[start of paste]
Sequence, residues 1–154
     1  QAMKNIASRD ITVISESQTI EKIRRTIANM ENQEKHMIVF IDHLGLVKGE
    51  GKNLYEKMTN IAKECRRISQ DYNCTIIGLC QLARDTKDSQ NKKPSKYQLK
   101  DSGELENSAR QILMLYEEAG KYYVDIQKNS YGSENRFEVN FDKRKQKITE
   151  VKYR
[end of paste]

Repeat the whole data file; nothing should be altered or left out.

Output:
Sequence, residues 1–154
     1  QAMKNIASRD ITVISESQTI EKIRRTIANM ENQEKHMIVF IDHLGLVKGE
    51  GKNLYEKMTN IAKECRRISQ DYNCTIIGLC QLARDTKDSQ NKKPSKYQLK
   101  DSGELENSAR QILMLYEEAG KYYVDIQKNS YGSENRFEVN FDKRKQKITE
   151  VKYR